Geographical Information Systems (GIS) in general, and Geo-coding tools in particular, are information systems which can be used to geo-reference caller locations, call locations, or callee information by comparing the available spatial information to other geographically represented information, including street networks and telephone local area (as in area codes), roaming areas, etc. Through such process, geographic coordinates (x, y) or other spatial identifiers (area codes, zip codes, other ids, etc.) can be added to the location. The process of adding additional geographically identifying information is called geo-coding (usually for addresses) or geo-referencing (usually for id based spatial references). With geo-referenced call data, the spatially aware telephone billing system can manage the call information in both relational and spatial dimensions. This spatially aware call system can now be used for analyzing, organizing, and displaying the spatial information in addition to its traditional uses.
The method and system presented herein integrates geo-referencing technology with a telephone or pager billing system. The geo-referenced caller, call, and callee location information is stored, managed and analyzed. The calls are categorized into local-area calls, none-local-area calls, sensitive calls and ordinary ones. Examples of sensitive calls are call with significant charge amounts or calls that have not been placed in the assumed local-area. The GIS produces a set of call maps, which could display the call related locations (origination and reception locations) and summarized calls, thus, improving the quality of service for billed entities as they review their telephone or pager billing statement. This visual representation of calls will aid billed entities to identify fraudulent charges more easily. Ultimately, it will benefit the service provider in consumer studies and customer relationship management.
A GIS tool usually provides maps with very rich colors and symbols in displaying the locations of assets or activities. However, now most of the telephone or pager billing statements are printed in black and white. In order to show all kinds of calls in a call log map only with black and white, special considerations are needed in the map presentations.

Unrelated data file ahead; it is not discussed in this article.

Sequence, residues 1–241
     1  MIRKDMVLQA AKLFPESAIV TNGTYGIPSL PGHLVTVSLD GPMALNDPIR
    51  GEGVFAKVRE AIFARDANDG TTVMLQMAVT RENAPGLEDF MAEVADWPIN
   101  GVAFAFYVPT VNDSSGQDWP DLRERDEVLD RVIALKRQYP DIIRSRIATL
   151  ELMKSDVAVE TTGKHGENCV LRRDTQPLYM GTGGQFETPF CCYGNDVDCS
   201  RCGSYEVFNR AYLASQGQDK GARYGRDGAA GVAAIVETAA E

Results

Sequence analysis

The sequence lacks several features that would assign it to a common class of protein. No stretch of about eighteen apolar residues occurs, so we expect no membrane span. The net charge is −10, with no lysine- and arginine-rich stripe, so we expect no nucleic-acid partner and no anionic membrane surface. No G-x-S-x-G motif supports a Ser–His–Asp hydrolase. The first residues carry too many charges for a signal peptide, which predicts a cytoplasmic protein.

We have not seen any publication or patent relating telephone or pager call log maps to billing statements.
A method and system is described herein to summarize and present telephone and pager calls through one or more maps linked to telephone and pager billing statements. The invention consists of a rule system, the database, and a GIS tool. The invention can be used to communicate calling patterns to callers by call service providers. It can furthermore be used for fraud detection through the use of visualization means other than tables which are often lengthy and hard to comprehend by the caller. Additionally, the presentation of the call log information through alternative means, e.g. maps, has great appeal to customers thus improving the marketing potential of the call service provider to current and future customers.
The features and characteristics of call log maps are described in this document. The following figures have been included to aid the understanding of the invention itself and its advantages. These examples are not exhaustive but illustrative of the potential of this invention.
A method and system is described herein to summarize and present telephone and pager calls through one or more maps linked to telephone and pager billing statements.
The invention consists of a rule system, the database, and a GIS tool.
The database stores the records with caller information (such as caller number, caller names, home address, etc.), and the records with call log data (such as the caller and callee ids, transaction number, call date and time, charged amount, call category, caller and callee locations, etc.), and the records with callee information (such as the callee ID, name, address, phone number, etc.). There are four basic call-related location data: caller home location, call origination location, call reception location, and the callee's home location. The latter may not always be available for unknown callers. Call forwarding complicates the assignment of the proper location information, but does not effect the utility of this invention. In the future, the integration of geographic positioning system technology (GPS) into mobile phones and pagers will greatly enhance the accuracy of the call-related location information.